We decided to eat in Cable Bay’s elegant, glass-walled Verandah restaurant, which was actually more affordable than we’d expected. The menu is predominantly pizzas and sharing plates, and we couldn’t resist ordering a selection: an El Diablo pizza topped with chorizo, parmesan, red onions and balsamic vinegar; Taupo lamb ribs with romesco, pine nuts, za’atar and nigella; involtini prosciutto stuffed with goat’s cheese; and panzanella salad with summer vegetables, croutons and lime dressing. Everything arrived looking gorgeous and colourful, and tasting even better. Of course, we washed it all down with two large glasses of Cable Bay’s own wine.
Cellar-door wine tasting
After lunch we headed to the ‘cellar door’ – a simple room with a bar and shelves full of bottles – for a ‘cellar door wine tasting’. If you like wine this is a must-do, as it’s a fun and good-value way to try a range of wines made in New Zealand. Just $10 gets you an on-the-spot, casual, guided tasting of four different wines. We really enjoyed the one we did at Cable Bay, where the female sommelier talked Tama and I through two reds (Pinot Noir and Syrah) and two whites (Reserve Sauvignon Blanc and Pinot Gris), with decent measures and absolutely zero pressure to buy. They were all made in Marlborough apart from the Syrah, which was made on Waiheke.
Dessert at Mudbrick vineyard
Next we walked 15 minutes down the road to Mudbrick vineyard, where we grabbed the most scenic outside table. From our padded bench we were perfectly positioned to gaze down past the vineyard and over the verdant hills to the glistening blue water beyond. I ordered a large glass of juicy rosé, Tama (already wined out by this point) ordered a coffee and we shared two desserts: apricot tart with vanilla mascarpone, and chocolate parfait with blackberries, cookie crumbs and crème fraiche. The food, the drinks, the view, the fresh air: we savoured it all, and it was glorious!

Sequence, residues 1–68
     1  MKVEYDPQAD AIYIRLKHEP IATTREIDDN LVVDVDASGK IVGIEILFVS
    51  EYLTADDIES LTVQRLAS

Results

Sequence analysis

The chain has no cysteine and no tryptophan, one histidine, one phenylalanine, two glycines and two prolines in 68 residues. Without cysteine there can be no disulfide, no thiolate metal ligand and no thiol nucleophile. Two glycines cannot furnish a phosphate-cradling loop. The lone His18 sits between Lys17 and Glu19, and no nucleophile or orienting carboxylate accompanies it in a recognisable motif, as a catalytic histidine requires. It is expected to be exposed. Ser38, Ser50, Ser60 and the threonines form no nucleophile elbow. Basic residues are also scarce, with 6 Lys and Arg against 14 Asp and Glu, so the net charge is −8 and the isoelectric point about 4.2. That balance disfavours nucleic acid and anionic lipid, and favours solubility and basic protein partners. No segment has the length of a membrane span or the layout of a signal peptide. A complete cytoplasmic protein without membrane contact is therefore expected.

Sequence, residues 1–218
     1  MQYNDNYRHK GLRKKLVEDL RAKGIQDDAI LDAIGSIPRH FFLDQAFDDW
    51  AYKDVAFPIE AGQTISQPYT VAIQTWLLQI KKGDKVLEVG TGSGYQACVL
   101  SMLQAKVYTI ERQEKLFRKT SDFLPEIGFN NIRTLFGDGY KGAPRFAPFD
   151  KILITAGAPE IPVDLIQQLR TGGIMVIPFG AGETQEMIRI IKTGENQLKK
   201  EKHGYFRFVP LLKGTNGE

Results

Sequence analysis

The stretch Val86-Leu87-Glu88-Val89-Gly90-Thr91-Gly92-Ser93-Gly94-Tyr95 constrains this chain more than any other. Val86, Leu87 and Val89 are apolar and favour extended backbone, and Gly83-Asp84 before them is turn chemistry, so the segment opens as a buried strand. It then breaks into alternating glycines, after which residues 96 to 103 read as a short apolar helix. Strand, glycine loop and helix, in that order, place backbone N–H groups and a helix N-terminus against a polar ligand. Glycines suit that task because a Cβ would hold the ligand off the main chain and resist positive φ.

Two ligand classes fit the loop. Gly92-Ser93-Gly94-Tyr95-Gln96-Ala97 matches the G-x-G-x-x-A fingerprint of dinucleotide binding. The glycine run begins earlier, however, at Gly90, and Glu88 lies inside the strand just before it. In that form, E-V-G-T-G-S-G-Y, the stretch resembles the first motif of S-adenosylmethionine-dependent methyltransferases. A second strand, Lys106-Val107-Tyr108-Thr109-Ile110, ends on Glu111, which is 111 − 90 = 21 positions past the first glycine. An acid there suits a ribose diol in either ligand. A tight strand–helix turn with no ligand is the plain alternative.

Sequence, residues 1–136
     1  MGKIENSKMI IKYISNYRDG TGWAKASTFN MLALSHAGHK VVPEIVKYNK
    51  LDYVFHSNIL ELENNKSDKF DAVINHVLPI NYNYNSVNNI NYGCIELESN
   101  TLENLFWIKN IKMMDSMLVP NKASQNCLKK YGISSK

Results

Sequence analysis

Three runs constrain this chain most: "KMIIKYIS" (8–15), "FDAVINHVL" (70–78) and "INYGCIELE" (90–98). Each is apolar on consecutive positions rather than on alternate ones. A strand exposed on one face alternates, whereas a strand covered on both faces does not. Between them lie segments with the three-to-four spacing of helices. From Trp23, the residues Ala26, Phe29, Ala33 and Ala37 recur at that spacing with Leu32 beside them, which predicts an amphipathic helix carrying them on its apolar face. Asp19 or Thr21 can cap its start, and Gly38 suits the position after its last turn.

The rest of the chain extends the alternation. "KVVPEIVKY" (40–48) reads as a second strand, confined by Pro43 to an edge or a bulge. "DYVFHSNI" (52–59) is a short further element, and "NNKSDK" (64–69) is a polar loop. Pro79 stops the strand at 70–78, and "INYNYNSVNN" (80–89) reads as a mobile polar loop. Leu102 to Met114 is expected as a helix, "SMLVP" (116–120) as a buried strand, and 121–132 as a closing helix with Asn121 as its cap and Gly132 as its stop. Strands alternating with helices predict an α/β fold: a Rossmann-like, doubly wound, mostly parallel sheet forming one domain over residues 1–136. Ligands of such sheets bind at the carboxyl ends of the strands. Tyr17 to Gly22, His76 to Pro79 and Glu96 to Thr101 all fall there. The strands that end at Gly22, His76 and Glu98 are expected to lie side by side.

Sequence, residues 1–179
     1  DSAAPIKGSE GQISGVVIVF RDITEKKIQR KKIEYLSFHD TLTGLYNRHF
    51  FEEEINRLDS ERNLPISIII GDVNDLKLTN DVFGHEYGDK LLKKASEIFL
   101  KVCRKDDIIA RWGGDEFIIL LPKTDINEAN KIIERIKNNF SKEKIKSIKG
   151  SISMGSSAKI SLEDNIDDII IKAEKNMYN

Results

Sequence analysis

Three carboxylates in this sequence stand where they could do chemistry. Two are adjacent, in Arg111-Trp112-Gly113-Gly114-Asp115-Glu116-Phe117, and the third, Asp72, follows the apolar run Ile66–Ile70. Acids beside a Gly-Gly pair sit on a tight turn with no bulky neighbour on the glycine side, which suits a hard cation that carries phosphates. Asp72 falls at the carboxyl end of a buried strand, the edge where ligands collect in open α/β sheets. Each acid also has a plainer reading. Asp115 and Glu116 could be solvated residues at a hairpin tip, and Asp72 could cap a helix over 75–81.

We ended the day at Oneroa Beach, which again was just a short walk away (although it would have been more efficient to start at Mudbrick, then stop at Cable Bay on the way to Oneroa). The beach was wide, windswept, and almost completely empty.
I walked to the far eastern end and crossed some rocks to reach the private cove of Little Oneroa, which abounded with shells, jagged rock formations, and rock pools buzzing with life. I hunted around for the prettiest pink conch shells before heading back to join Tama, where we sat on the sand enjoying the sound of the waves for a while.
Before getting the bus back to the ferry port, we went into a shop along the road to buy water and snacks for the journey. Tama was drawn to a bag of strange-sounding sweets called ‘pineapple lumps’, which a man at the bus stop told us was “a very Kiwi sweet!” We caught the bus, then the smaller 19.30 ferry back to Auckland, before settling in for an early night.
It had been an amazing first full day in New Zealand, and the start of even greater things to come. Tomorrow we had a 6am start to travel to Rotorua, via the glow-worm caves of Waitomo.
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All text and photos (c) Juliet Langton, 2018. All rights reserved.